The candidate and surgeon should also discuss guidelines for eating, drinking, smoking, taking or avoiding certain medications, and washing the face for the weeks immediately following surgery.


Aftercare

Patients usually feel fine immediately after surgery. As a precaution, most surgery centers do not allow patients to drive themselves home after an operation.

The first day after surgery, there will be some swelling of the face. Persons should stay in bed with their heads elevated for at least a day. The nose may hurt and a headache is common. The surgeon will prescribe medication to relieve these conditions. Swelling and bruising around the eyes will increase for a few days, but will begin to diminish after about the third day. Slight bleeding and stuffiness are normal, and vary according to the extent of the surgery performed. Most people are walking in two days, and back to work or school in a week. No strenuous activities are allowed for two to three weeks.

Patients are given a list of postoperative instructions, which include requirements for hygiene, exercise , eating, and follow-up visits to the doctor. Patients should not blow their noses for the first week to avoid disruption of healing. It is extremely important to keep the surgical dressing dry. Dressings, splints, and stitches are removed in one to two weeks. Patients should avoid excessive sun or sunburn.


Risks

Any type of surgery carries a degree of risk. There is always the possibility of unexpected events such as an infection or a reaction to the anesthesia.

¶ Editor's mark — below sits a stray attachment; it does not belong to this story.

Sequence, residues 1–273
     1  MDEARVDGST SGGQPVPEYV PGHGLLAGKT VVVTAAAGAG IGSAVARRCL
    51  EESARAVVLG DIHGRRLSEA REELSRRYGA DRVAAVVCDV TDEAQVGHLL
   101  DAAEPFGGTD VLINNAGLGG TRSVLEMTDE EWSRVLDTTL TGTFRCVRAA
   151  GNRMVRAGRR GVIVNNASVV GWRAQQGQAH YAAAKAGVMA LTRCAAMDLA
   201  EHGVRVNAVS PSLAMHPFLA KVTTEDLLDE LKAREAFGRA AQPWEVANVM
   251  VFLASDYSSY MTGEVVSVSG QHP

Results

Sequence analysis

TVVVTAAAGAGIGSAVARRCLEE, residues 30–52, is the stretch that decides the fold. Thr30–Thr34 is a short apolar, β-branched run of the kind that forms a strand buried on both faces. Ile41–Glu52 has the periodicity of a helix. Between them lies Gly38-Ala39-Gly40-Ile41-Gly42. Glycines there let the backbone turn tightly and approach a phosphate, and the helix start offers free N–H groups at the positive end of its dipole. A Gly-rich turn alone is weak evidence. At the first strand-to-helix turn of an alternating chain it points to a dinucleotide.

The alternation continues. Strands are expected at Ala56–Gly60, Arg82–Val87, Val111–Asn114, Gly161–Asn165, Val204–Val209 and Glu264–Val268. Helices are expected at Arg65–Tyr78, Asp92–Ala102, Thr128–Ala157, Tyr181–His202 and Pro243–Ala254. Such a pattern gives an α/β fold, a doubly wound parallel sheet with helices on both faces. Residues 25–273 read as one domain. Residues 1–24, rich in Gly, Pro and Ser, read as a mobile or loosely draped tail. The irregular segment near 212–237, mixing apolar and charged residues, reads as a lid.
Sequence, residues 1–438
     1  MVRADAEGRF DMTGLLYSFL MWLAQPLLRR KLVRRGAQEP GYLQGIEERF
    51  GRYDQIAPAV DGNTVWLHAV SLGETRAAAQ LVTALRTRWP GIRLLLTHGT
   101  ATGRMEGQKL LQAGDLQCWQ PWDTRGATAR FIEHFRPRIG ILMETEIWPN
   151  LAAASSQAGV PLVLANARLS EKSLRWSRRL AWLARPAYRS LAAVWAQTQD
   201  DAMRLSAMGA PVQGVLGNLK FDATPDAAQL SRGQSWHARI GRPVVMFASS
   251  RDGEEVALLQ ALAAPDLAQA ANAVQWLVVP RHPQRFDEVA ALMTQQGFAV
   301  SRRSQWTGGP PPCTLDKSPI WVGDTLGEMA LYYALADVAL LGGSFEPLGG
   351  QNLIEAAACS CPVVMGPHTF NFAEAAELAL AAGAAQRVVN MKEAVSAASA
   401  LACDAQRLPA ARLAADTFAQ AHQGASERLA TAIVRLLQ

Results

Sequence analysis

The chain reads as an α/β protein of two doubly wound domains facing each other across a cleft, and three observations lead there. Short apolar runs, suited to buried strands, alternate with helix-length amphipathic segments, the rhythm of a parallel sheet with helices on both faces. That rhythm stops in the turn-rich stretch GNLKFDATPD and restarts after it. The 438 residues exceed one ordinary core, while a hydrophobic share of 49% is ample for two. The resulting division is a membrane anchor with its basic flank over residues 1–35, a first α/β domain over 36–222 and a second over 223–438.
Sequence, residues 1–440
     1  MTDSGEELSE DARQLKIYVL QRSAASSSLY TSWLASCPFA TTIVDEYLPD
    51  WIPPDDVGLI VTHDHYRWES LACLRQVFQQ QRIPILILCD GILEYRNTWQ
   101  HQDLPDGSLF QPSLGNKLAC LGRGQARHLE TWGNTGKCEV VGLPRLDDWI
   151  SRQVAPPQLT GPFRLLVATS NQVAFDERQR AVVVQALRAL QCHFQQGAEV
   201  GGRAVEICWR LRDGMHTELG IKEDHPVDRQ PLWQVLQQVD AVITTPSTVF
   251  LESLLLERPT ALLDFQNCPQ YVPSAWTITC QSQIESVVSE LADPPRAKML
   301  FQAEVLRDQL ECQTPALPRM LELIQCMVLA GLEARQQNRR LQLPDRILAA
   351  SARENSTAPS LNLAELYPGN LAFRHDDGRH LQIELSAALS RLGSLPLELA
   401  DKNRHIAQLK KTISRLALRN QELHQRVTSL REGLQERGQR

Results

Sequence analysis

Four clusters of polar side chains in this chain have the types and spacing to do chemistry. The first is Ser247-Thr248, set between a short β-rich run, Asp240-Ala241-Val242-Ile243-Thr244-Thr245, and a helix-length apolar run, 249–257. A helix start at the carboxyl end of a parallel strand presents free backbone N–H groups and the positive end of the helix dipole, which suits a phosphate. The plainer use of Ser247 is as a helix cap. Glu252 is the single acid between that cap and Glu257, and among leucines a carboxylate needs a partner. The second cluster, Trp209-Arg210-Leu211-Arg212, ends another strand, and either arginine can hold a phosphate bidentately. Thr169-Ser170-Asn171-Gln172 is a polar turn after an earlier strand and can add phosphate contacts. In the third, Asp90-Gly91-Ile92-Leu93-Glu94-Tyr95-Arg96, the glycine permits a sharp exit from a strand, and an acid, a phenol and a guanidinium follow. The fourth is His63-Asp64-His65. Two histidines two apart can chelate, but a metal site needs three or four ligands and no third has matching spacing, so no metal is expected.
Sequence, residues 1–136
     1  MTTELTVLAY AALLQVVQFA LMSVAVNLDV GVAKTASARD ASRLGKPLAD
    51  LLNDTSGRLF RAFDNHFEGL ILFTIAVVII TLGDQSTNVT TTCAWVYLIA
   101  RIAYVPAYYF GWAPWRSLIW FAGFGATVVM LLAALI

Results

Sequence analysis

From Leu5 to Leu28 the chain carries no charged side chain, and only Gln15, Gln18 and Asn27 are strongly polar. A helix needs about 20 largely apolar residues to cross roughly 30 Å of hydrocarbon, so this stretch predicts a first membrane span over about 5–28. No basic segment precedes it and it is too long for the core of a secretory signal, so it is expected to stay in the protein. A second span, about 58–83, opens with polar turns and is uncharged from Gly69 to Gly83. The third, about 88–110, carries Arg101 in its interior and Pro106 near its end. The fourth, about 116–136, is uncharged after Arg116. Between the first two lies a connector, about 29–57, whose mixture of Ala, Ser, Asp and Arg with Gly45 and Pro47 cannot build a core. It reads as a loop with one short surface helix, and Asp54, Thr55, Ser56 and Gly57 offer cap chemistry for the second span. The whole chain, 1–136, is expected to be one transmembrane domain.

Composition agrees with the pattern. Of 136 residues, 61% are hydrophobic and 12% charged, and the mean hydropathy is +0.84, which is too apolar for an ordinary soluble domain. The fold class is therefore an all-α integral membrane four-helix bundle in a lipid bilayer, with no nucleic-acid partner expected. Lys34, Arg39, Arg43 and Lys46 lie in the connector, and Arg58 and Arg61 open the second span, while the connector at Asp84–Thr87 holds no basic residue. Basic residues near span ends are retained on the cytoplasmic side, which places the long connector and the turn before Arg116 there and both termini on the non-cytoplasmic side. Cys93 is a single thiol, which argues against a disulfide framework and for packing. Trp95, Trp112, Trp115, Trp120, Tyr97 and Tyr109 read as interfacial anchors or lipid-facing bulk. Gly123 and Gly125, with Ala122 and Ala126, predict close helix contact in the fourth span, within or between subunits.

When the nose is reshaped or repaired from inside, the scars are not visible. If the surgeon needs to make the incision on the outside of the nose, there will be some slight scarring. In addition, tiny blood vessels may burst, leaving small red spots on the skin. These spots are barely visible, but may be permanent.


Normal results

The best candidates for rhinoplasty are those persons with relatively minor deformities. Nasal anatomy and proportions are quite varied and the final look of any rhinoplasty operation depends on a person's anatomy, as well as the surgeon's skill.

A cosmetic change of the nose will change a person's appearance, but it will not change self-image. A person who expects a different lifestyle after rhinoplasty is likely to be disappointed.

The cost of rhinoplasty depends on the difficulty of the work required and on the specialist chosen. If the problem was caused by an injury, insurance will usually cover the cost. A rhinoplasty done only to change a person's appearance is not usually covered by insurance.


Morbidity and mortality rates

Death from a rhinoplasty procedure is exceedingly rare. When it occurs, the cause is often due to an adverse reaction to anesthesia or postoperative medications or to an infection. About 10% of persons receiving rhinoplasty require a second procedure.


Alternatives

The alternative to cosmetic rhinoplasty is to accept oneself, literally, at face value. Persons contemplating rhinoplasty may want to question some of the conventional standards of beauty and work on their body image issues to improve their self-confidence.

See also Blepharoplasty ; Forehead lift .

Resources

books

Engler, Alan M. BodySculpture: Plastic Surgery of the Body for Men and Women, 2nd Edition. Poughkeepsie, NY: Hudson Pub, 2000.

Irwin, Brandith, and Mark McPherson. Your Best Face: Looking Your Best without Plastic Surgery. Carlsbad, CA: Hay House, Inc, 2002.

Man, Daniel, and L. C. Faye. New Art of Man: Faces of Plastic Surgery: Your Guide to the Latest Cosmetic Surgery Procedures, 3rd Edition. New York: BeautyArt Press, 2003.

Papel, I. D., and S. S. Park. Facial Plastic and Reconstructive Surgery, 2nd Edition. New York: Thieme Medical Publishers, 2000.


periodicals

Ahn, M. S., C. S. Maas, and N. Monhian. "A Novel, Conformable, Rapidly Setting Nasal Splint Material: Results of a Prospective Study." Archives of Facial Plastic Surgery 5, no.2 (2003): 189–192.

Bagal, A. A., and P. A. Adamson. "Revision Rhinoplasty." Facial Plastic Surgery 18, no.4 (2002): 233–244.